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Interesting about the hybrid did not know that . Red bud makes JRP about the only red pine option some others are reddish brown like I said have no JRP experience but it apparently red bark at a very young age what other warm climate 2 needle pines are there not a lot around here there is still snow outside 😂😂
 

Shibui

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A few of my JRPs are close to 25 years now but I would not describe bark as red or even slightly reddish.
I cannot help with cold resistance of pines as I live in a much warmer environment. Maybe some others can help with cold resistance?
 
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The pine owner lives in Texas warm climate the cold climate reference was where I live in Canada hence I have no experience with warm climate trees
 

Potawatomi13

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"Hairy" buds look as Italian red/Italian stone pine. Have not seen another like this☺️.
 

Leo in N E Illinois

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All of the pine species of Pinus subsection Pinus which includes P. thunbergii, resinosa, densiflora, nigra, mugo and others for a total 19 species plus all 7 species of the subsection Pineaster, which includes Pinus pinea and halepensis all have 2 needles. All would thrive just fine in Texas. There are an additional half dozen 2 needle pines from other subsections of the Pinus genus, so the list of suspects is long.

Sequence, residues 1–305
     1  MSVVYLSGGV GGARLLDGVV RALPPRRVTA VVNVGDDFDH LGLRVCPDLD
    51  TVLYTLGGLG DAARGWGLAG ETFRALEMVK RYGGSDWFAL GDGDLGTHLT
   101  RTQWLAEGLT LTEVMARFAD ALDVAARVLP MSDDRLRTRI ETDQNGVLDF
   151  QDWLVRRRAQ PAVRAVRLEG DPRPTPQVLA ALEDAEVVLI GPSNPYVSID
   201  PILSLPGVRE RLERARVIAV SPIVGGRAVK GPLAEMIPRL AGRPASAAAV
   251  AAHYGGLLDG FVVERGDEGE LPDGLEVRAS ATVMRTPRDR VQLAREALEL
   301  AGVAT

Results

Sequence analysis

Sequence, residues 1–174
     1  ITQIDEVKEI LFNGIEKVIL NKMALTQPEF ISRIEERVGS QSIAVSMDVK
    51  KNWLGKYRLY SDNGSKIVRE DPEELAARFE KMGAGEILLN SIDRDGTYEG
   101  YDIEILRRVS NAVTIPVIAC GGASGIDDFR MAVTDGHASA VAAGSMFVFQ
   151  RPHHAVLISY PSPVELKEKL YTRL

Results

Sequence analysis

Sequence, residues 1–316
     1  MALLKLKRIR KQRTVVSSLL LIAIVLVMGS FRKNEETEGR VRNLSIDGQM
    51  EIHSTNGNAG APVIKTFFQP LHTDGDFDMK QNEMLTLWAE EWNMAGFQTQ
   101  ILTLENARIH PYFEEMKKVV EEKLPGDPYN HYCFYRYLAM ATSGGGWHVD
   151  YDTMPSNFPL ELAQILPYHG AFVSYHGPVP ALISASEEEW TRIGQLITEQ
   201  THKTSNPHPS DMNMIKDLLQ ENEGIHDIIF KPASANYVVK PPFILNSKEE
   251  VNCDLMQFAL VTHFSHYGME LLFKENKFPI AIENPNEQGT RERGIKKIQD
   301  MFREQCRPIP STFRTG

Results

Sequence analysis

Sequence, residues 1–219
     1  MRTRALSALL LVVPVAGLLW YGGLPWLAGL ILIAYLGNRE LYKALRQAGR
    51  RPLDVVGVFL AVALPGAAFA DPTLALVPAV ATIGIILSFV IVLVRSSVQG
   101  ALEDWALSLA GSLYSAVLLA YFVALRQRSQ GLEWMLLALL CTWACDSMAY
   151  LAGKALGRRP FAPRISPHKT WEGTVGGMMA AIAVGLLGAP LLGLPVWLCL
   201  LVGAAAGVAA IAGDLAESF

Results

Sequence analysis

Better photos of the buds, taken from the side would help. It might not be possible to really sort out just which pine this is until it is old enough to produce a pine cone or two, as the arrangement of prickles on the scales of the pine cones is diagnostic to species.

So one can guess, but until the tree produces cones, one might not know for certain.
 
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As bonsai practitioners one of the main advantages we have is the tree is in a pot so it’s mobile and we can use that . To alter its growing environment . That being said the majority of pines including 2 needle pines native range is the colder regions of the planet . I would not advice someone they all can grow in Texas while anything is possible with enough effort there is difficulty raising trees outside there recommended range. I would not
Discourage anyone from trying anything new that is not the same as recommend something . With the possibility of failure being higher not having a good motivation to people to continue in the past time . As for identification there is a wealth of info available Dirrs book for example that can identify a tree based on observation of foliage stems buds bark and broth habit even identifying a cross between 2 other plants
 

Eckhoffw

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Waxy buds look Mugo to me. However I know little about pines. 🤣